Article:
The Journey Is The Destination

Perhaps it was Chris Sarandon who said it best, as Prince Humperdink in “The Princess Bride.”

“There was a mighty duel. They ranged all over. They were both masters.”

With top seed Michigan and homestanding Yale both eliminated on the first day of the 2009 NCAA East Regional, it would have been understandable had Saturday’s championship game between Air Force and Vermont been played in front of a modest crowd, composed mostly of hardcore Vermont fans, and the friends and family of the Air Force players, despite the sellout that was announced on Thursday afternoon.

Instead, however, a largely unaffiliated crowd turned out to the Arena at Harbor Yard on Saturday night, filling the arena beyond reasonable expectations.

They were rewarded with one of the wilder games in what’s already been an utterly unpredictable NCAA tournament, as Vermont and Air Force threw everything they had at one another for more than an hour and a half (not to mention another few minutes that history will say never happened).

That they got one of the strangest — and, for everyone not wearing green and gold, most anticlimactic — endings in tournament history doesn’t change that.

That the Catamounts won, 3-2, and will go on to the Frozen Four in Washington, D.C., deserves to be acknowledged, and the players who made it happen deserve to be lauded for their efforts.

However, the mix of relief, respect, and pure exhaustion mixed in with the standard postgame cocktail of elation and disappointment is proof that what took place in Bridgeport on Saturday night goes beyond Vermont’s first trip to the Frozen Four since 1996 or an ending so convoluted — at least in the arena, where no one had any idea what was being reviewed due to NCAA regulations — that it required a two-part printed statement from referee Marco Hunt.

“First and foremost, obviously, a great college hockey game,” Vermont head coach Kevin Sneddon said, with language he regularly uses but rarely so appropriately as on this night. “Air Force had a tremendous season and their student-athletes played their hearts out tonight and deserve a tremendous amount of credit.”

“I thought that the fans here were treated to an outstanding hockey game,” said Air Force head coach Frank Serratore. “This game was one of those games, truly, where you hate to see somebody lose because both teams played so hard.”

Indeed, a day after both the Catamounts and Falcons scored two of the biggest wins in their programs’ respective histories, there was no sign of hangover from either team. Air Force showed no ill effects at having had to hold off a furious Michigan onslaught for 60 minutes, outshooting the opposition from Hockey East throughout regulation and taking a 1-0 lead to the locker room at the second intermission.

The Catamounts, meanwhile, got solid chances of their own, to the point where they started to wonder what they might have to do to get a puck past All-Tournament goaltender Andrew Volkening.

“I don’t know if our guys thought about it,” Sneddon said, “but I thought, in the early parts of the game, the first two periods, we couldn’t buy anything. There were rebounds there, but their defensemen and their back pressure from their forwards were preventing us from getting to those rebounds. It was frustrating for our guys.”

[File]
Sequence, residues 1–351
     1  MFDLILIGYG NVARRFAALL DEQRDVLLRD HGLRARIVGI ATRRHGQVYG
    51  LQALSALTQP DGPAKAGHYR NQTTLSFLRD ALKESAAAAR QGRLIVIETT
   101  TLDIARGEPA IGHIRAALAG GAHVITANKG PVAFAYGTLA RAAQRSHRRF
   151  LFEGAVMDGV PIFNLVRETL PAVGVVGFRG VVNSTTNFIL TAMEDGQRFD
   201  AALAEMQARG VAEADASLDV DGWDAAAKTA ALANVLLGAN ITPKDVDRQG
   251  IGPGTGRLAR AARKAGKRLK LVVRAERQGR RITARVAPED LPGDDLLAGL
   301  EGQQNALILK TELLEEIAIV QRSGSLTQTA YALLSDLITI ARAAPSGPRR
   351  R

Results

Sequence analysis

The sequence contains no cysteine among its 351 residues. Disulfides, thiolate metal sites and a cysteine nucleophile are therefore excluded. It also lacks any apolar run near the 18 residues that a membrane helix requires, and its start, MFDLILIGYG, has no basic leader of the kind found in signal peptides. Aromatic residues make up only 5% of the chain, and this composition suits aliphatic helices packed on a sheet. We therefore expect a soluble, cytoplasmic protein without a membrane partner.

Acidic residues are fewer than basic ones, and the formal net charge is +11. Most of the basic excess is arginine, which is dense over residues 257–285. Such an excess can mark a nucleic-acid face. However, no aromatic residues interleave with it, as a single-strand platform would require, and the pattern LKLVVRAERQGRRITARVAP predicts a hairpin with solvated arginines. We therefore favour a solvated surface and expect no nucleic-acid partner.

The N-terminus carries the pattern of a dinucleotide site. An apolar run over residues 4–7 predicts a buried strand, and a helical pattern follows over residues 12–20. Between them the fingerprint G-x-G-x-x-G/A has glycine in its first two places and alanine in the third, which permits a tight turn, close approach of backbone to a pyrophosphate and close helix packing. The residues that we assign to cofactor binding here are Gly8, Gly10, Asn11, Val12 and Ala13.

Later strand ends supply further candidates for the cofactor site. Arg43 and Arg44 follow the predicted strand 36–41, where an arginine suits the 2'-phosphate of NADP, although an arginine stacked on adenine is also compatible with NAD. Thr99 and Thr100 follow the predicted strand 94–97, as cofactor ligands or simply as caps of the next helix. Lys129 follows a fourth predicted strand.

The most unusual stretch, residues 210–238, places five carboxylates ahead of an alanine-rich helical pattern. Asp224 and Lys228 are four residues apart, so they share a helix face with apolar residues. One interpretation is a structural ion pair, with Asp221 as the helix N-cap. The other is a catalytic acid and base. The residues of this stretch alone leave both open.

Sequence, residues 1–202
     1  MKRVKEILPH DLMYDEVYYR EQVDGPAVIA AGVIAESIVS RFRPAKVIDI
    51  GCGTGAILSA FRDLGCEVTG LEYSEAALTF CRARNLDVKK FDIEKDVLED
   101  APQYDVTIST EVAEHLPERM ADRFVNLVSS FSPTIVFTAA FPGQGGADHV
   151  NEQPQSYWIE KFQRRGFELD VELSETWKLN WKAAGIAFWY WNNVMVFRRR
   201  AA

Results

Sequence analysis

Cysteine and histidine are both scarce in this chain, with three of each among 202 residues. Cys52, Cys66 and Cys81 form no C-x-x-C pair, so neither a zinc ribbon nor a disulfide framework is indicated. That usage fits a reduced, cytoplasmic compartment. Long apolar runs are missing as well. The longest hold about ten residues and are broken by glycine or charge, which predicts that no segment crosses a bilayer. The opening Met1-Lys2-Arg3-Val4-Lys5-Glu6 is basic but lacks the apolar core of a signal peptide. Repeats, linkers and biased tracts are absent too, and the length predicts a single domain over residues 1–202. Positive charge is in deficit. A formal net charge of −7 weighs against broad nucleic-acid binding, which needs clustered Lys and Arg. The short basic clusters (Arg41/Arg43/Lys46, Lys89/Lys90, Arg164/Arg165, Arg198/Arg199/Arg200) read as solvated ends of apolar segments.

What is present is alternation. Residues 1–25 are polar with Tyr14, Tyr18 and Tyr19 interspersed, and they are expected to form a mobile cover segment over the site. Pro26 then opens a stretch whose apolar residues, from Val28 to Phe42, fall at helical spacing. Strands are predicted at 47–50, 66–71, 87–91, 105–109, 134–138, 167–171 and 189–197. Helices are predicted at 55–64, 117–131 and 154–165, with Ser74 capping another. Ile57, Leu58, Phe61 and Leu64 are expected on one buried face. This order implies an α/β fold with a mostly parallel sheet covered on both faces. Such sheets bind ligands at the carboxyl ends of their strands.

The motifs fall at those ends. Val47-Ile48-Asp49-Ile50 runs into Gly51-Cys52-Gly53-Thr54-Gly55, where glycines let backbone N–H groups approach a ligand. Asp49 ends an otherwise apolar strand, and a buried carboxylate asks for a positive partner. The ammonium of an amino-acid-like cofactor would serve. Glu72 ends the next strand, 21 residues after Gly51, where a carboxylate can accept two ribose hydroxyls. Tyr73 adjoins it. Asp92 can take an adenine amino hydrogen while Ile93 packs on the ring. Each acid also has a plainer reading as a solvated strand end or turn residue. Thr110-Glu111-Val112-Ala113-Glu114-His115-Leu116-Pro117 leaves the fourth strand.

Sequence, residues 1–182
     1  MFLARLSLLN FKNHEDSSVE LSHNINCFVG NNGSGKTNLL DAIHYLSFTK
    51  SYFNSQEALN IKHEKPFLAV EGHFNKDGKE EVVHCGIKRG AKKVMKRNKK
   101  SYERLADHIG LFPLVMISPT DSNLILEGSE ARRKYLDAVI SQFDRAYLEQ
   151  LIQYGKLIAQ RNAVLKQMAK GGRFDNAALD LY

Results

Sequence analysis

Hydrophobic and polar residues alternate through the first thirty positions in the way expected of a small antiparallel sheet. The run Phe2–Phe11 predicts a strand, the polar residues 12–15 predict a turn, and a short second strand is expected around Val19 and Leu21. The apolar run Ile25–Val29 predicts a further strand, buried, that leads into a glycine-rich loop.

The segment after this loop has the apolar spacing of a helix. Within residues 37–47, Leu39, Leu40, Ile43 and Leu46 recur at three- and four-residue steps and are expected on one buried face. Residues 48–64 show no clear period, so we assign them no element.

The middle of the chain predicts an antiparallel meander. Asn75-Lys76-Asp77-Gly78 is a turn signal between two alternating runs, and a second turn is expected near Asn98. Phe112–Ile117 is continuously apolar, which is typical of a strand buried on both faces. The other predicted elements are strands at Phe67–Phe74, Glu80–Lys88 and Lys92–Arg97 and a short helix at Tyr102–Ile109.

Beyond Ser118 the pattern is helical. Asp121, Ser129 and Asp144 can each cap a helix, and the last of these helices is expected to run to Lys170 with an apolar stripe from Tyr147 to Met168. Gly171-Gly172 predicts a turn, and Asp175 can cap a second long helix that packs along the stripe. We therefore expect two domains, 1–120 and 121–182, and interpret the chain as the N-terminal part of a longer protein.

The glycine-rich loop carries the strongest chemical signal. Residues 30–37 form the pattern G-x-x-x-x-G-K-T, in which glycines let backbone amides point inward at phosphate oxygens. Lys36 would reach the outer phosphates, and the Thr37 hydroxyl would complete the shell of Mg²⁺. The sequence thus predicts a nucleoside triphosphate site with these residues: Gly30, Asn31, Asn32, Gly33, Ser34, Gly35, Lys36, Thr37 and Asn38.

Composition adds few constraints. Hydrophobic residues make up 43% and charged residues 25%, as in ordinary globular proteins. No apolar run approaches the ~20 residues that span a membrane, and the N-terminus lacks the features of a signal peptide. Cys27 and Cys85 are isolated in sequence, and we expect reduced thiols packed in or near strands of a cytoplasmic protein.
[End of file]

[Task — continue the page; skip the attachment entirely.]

Then, of course, the Catamounts did get a goal, from Josh Burrows, and another, from Dan Lawson, taking a lead on Air Force for the first time since Sacred Heart led two weeks ago in the second game of an Atlantic Hockey quarterfinal series.

However, before anyone could start to wonder whether midnight had finally come for the “Cinderella” Falcons, Sean Bertsch tied it up off of a bounce that had to be seen to be believed, and overtime ensued.

There were more near misses in overtime, including another review at the end of the first extra session that kept the Catamounts on the ice, waiting to see if they might get the win. Then, even when the Catamounts got the decisive goal — off the stick of Regional Most Outstanding Player Lawson — it took a while before it was actually awarded, thanks to the continuation of play and the marathon-length video review.

“John Micheletto — the associate coach — and I were the ones kind of screaming to the referees,” Sneddon said. “I saw Danny take the shot, and I saw the back of the net move on the other side, and the puck kind of took a weird bounce after that.

“I said, ‘That was kind of weird.’ It was a long time waiting, just hoping that they would at least go to review, and the referees obviously took their time.”

Still, even in defeat, Serratore was determined not to let the oddball ending overshadow the greatness of the game that was played.

“I think you need to get off the play,” the Falcons’ bench boss told the assembled media after answering several questions about it. “It happened, and I’m confident the officials made the right call, and Vermont won. They’ll go on and represent this region well at the Frozen Four.”

Indeed, on April 9, the Catamounts will face either New Hampshire or Boston University in the Frozen Four, making their first appearance since the 1995-96 team led by Martin St. Louis, Eric Perrin and Tim Thomas went to Cincinnati, and a nine-year-old Peter Lenes got out of school to watch the Catamounts take on Colorado College.

“It was great as a fan,” Catamount alternate captain Lenes said, “so to participate is a great feeling.”

However, on this night in Bridgeport, the journey deserves much more attention than the destination.

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